This article originally appeared on the Cornell University website.
Unearthed, digitized and soon to be repatriated, artifacts from two Native American towns are beginning to share their rich stories online thanks to a collaborative project by anthropologists, librarians and Indigenous community members.
The recently launched digital collection – Onöndowa'ga:' (Seneca) Haudenosaunee Archaeological Materials, circa 1688-1754 – features two historical locations – White Springs and Townley-Read, both near Geneva, New York – which were inhabited consecutively by members of the Onöndowa’ga:’ (Seneca) Haudenosaunee (Six Nations Iroquois) after they fled the French military destruction of the town of Ganondagan in 1687.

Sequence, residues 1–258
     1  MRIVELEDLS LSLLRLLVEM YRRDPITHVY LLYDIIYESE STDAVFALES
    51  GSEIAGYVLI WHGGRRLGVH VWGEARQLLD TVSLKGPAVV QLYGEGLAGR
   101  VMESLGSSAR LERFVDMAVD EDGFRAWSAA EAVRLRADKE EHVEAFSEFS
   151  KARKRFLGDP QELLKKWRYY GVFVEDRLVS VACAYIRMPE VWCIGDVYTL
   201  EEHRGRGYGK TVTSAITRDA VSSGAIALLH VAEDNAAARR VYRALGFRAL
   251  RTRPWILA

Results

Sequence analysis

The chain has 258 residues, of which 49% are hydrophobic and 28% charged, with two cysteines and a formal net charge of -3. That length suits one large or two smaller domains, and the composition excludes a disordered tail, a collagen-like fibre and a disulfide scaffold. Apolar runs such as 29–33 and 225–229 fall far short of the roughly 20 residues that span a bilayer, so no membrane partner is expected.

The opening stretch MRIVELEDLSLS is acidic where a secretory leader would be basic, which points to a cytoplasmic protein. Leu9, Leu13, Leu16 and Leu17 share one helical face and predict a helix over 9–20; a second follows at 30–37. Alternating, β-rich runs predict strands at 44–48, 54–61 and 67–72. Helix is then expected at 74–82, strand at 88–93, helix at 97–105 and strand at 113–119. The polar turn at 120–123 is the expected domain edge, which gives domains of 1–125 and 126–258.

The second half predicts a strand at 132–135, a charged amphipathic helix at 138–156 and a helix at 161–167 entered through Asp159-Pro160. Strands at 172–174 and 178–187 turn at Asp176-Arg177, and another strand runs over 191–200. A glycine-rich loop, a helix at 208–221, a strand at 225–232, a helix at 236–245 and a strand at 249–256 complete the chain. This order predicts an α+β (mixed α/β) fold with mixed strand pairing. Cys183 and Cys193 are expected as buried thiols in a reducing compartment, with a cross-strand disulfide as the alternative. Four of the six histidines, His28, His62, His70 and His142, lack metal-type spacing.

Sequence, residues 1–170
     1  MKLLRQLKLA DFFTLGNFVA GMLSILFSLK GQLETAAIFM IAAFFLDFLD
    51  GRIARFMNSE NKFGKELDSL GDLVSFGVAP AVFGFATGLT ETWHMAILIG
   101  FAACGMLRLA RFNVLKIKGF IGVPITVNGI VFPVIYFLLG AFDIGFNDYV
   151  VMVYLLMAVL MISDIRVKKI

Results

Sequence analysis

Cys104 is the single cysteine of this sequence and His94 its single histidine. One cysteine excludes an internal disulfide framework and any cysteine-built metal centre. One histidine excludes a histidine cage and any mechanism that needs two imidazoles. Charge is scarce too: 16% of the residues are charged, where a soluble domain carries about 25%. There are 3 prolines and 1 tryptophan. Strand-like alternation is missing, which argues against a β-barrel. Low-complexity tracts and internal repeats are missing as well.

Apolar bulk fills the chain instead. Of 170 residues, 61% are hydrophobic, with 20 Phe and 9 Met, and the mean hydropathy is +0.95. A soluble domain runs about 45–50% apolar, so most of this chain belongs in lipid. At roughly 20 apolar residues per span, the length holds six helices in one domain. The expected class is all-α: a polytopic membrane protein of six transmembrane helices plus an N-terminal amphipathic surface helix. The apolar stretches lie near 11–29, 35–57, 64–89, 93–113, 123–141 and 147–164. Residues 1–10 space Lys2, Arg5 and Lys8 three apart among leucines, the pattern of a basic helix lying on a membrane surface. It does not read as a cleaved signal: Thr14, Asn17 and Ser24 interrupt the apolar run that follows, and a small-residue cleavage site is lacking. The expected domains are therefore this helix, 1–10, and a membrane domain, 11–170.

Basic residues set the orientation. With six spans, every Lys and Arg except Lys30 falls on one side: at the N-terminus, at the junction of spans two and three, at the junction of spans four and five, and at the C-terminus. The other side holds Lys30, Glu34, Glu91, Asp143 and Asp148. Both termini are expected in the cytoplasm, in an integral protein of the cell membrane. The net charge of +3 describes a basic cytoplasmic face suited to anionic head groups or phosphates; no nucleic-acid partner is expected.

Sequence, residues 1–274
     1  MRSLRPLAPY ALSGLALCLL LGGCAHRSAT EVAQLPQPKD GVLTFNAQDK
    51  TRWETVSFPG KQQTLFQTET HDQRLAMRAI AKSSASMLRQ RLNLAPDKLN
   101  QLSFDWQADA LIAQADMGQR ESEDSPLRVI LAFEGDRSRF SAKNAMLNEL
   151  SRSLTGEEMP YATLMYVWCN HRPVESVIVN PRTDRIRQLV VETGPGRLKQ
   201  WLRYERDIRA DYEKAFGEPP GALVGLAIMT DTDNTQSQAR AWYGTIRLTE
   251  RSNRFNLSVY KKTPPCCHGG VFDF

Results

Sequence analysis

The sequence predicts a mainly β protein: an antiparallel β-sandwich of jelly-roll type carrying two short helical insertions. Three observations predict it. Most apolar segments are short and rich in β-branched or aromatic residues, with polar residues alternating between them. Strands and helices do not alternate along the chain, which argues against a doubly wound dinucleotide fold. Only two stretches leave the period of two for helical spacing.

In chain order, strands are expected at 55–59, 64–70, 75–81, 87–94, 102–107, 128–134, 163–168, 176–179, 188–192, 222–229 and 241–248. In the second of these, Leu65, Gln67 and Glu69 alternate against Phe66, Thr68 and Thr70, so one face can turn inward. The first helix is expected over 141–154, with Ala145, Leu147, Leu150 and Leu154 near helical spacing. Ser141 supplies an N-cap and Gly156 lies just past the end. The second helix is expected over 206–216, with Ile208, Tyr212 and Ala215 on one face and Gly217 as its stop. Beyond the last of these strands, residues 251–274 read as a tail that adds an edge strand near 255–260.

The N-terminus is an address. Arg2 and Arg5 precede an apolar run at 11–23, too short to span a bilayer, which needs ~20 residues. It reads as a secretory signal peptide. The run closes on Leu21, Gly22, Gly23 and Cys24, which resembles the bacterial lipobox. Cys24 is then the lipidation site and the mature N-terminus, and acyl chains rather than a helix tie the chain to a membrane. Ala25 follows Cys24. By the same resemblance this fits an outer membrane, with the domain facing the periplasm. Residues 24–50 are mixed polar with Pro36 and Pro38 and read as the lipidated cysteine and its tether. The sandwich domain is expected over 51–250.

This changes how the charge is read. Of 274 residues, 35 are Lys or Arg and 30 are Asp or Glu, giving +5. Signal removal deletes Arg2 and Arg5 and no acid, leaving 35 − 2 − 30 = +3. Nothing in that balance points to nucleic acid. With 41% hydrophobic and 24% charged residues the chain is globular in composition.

“There’s a misconception common among scholars until recently that, as soon as Europeans arrived, Native people went on a long, slow slide into disappearing and irrelevance,” he said. “But you can really see that there is a ton of Native technology and local plant and animal species that were being used alongside European imports.” Read more...